People v. Pettway, No. A052481

CourtCalifornia Court of Appeals
Writing for the CourtLOW
Citation233 Cal.App.3d 1067,285 Cal.Rptr. 147
PartiesThe PEOPLE of the State of California, Plaintiff and Respondent, v. Curtis T. PETTWAY, Defendant and Appellant.
Decision Date28 August 1991
Docket NumberNo. A052481

Page 147

285 Cal.Rptr. 147
233 Cal.App.3d 1067
The PEOPLE of the State of California, Plaintiff and Respondent,
v.
Curtis T. PETTWAY, Defendant and Appellant.
No. A052481.
Court of Appeal, First District, Division 5, California.
Aug. 28, 1991.
Review Denied Nov. 14, 1991.

[233 Cal.App.3d 1068] Steven Kent Wilkinson, under appointment by the Court of Appeal, San Francisco, for defendant and appellant.

Daniel E. Lungren, Atty. Gen., George Williamson, Chief Asst. Atty. Gen., John H. Sugiyama, Sr. Asst. Atty. Gen., Christopher J. Wei, Laurence K. Sullivan, Deputy Attys. Gen., for plaintiff and respondent.

[233 Cal.App.3d 1069] LOW, Presiding Justice.

We hold that a knife with a handle designed to fit in the palm of the hand, with a two-and one-fourth-inch blade protruding between the middle fingers, is a "dirk or dagger" within the meaning of Penal Code section 12020, subdivision (a) (hereafter § 12020(a)). We disagree with In re Conrad V. (1986) 176 Cal.App.3d 775, 222 Cal.Rptr. 552, which held that a similar knife was not a dagger, in part because it did not have a handguard.

Defendant Curtis T. Pettway appeals from the revocation of probation and the imposition of a three-year state prison sentence. The defendant contends that he did not violate section 12020(a) by wearing a knife with a two-and one-fourth-inch fixed blade concealed in his waistband, and therefore his probation should not have been revoked. We affirm.

In 1989 defendant pled guilty to selling a controlled substance. (Health & Saf.Code, § 11352.) The court suspended imposition of the sentence and placed the defendant on probation for three years. In October 1990 defendant was detained for urinating in the street. When the officer conducted a pat search, a knife was found on the defendant and he was arrested for carrying a concealed dangerous weapon. On January 23, 1991, the trial court revoked probation for a violation of section 12020(a). This statute makes it a felony for any person to "carr[y] concealed upon his or her person any dirk or dagger." The defendant contends that his knife is not a "dirk or dagger" and he requests that the order revoking probation be reversed.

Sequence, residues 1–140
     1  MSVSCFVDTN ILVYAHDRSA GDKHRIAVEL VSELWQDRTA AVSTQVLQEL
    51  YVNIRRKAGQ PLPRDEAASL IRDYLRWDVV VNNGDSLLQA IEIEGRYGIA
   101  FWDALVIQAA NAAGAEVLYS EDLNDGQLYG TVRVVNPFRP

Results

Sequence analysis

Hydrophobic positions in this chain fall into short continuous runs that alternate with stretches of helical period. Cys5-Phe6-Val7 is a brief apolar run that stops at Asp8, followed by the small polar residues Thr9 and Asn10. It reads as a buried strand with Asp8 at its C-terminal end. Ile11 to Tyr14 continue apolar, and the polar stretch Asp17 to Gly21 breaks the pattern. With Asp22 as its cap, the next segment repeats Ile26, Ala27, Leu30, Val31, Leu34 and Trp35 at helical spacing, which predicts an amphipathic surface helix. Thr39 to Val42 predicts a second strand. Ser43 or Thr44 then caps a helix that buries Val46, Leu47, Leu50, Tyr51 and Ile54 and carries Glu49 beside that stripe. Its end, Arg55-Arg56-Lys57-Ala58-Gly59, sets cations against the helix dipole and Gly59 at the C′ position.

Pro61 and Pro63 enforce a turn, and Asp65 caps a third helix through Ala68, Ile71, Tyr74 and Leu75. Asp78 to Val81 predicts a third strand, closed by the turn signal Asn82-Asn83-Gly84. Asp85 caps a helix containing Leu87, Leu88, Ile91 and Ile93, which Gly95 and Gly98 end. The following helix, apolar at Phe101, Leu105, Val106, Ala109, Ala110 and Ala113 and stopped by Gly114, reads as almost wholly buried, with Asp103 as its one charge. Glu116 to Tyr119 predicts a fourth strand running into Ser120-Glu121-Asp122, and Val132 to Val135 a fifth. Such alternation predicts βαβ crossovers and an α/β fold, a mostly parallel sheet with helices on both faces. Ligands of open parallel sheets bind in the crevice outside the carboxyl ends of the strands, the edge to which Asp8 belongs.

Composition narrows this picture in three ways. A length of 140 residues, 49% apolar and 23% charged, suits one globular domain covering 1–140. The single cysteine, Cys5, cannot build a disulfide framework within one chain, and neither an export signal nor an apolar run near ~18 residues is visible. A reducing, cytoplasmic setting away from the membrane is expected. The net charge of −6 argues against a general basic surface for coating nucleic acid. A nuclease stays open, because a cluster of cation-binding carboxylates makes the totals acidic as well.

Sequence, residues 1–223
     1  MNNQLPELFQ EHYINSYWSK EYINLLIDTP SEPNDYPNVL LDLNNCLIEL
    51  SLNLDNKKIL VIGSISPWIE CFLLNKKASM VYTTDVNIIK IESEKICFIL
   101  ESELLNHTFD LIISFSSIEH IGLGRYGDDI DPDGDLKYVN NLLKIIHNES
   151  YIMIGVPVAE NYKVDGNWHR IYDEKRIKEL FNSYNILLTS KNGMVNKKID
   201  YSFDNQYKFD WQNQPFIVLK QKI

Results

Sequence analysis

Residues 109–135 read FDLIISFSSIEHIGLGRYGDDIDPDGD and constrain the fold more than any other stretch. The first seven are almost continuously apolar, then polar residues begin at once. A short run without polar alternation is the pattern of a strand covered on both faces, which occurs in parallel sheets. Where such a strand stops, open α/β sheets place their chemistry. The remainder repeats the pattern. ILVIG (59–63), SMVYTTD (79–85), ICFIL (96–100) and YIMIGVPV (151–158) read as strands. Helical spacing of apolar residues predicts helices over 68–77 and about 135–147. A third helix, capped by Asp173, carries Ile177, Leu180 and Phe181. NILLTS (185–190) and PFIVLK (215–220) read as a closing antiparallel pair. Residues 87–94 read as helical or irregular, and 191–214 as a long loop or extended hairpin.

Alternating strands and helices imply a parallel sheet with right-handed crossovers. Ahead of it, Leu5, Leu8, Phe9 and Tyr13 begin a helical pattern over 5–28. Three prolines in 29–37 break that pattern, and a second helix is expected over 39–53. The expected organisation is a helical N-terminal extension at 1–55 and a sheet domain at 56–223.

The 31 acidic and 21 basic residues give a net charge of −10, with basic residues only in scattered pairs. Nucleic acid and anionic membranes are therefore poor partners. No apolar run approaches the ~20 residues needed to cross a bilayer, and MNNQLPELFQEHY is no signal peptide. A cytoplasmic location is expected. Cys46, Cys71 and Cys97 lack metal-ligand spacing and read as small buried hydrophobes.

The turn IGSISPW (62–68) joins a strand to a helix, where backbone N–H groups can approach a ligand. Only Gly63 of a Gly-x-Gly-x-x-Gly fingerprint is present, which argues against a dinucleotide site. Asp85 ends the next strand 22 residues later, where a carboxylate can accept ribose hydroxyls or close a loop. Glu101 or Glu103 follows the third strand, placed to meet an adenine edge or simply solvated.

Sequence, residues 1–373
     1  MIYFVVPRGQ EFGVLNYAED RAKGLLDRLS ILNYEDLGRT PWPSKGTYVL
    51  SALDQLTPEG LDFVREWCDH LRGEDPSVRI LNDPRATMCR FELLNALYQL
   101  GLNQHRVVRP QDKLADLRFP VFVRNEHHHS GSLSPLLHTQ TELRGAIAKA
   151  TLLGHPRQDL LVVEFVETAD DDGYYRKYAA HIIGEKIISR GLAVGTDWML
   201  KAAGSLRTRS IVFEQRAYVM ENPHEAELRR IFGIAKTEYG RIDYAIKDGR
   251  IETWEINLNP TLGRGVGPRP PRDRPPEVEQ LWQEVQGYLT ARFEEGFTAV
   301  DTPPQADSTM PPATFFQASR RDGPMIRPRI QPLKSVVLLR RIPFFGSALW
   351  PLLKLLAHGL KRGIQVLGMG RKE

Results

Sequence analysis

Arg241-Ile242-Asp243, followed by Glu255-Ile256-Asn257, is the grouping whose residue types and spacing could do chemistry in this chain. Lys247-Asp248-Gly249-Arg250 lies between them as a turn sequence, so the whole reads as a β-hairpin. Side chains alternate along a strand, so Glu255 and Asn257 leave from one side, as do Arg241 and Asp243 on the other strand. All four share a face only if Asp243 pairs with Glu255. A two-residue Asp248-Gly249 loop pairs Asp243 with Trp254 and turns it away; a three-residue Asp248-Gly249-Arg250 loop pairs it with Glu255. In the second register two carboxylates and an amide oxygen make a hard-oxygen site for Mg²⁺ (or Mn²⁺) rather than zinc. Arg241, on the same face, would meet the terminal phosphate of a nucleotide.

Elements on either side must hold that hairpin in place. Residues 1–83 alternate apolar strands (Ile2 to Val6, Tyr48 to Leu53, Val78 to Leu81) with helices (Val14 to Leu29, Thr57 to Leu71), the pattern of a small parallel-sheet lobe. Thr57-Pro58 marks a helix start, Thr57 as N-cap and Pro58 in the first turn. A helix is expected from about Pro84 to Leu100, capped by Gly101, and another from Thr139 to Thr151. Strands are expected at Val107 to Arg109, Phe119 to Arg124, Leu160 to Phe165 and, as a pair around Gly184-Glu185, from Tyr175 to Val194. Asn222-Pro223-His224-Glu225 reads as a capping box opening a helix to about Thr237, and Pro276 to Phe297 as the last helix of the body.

The test on appeal is whether there is substantial evidence to support the conclusion of the trier of fact. The evidence will be viewed in the light most favorable to the judgment, but the issue will be resolved in light of the whole record. (People v. Johnson (1980) 26 Cal.3d 557, 578, 162 Cal.Rptr. 431, 606 P.2d 738.) The knife was brought into the probation revocation hearing, where it was examined by the court and found to be a dagger. In order to rule in defendant's favor it would be necessary to find that the evidence did not support the conclusion as a matter of fact or that as a matter of law the knife was not a dagger.

"Dirk or dagger" is not defined in the code itself. The following definition, however, has been widely followed. "A dagger has been defined as any straight knife to be worn on the person which is capable of inflicting death except what is commonly known as a 'pocket-knife.' Dirk and dagger are used synonymously and consist of any straight stabbing weapon, as a dirk, stiletto, etc. (Century Dict.) They may consist of any weapon fitted [233 Cal.App.3d 1070] primarily for stabbing." (People v. Ruiz (1928) 88 Cal.App. 502, 504, 263 P. 836; see, e.g., People v. Forrest (1967) 67 Cal.2d 478, 480, 62 Cal.Rptr. 766, 432 P.2d 374; People v. Villagren (1980) 106 Cal.App.3d 720, 725, 165 Cal.Rptr. 470.) 1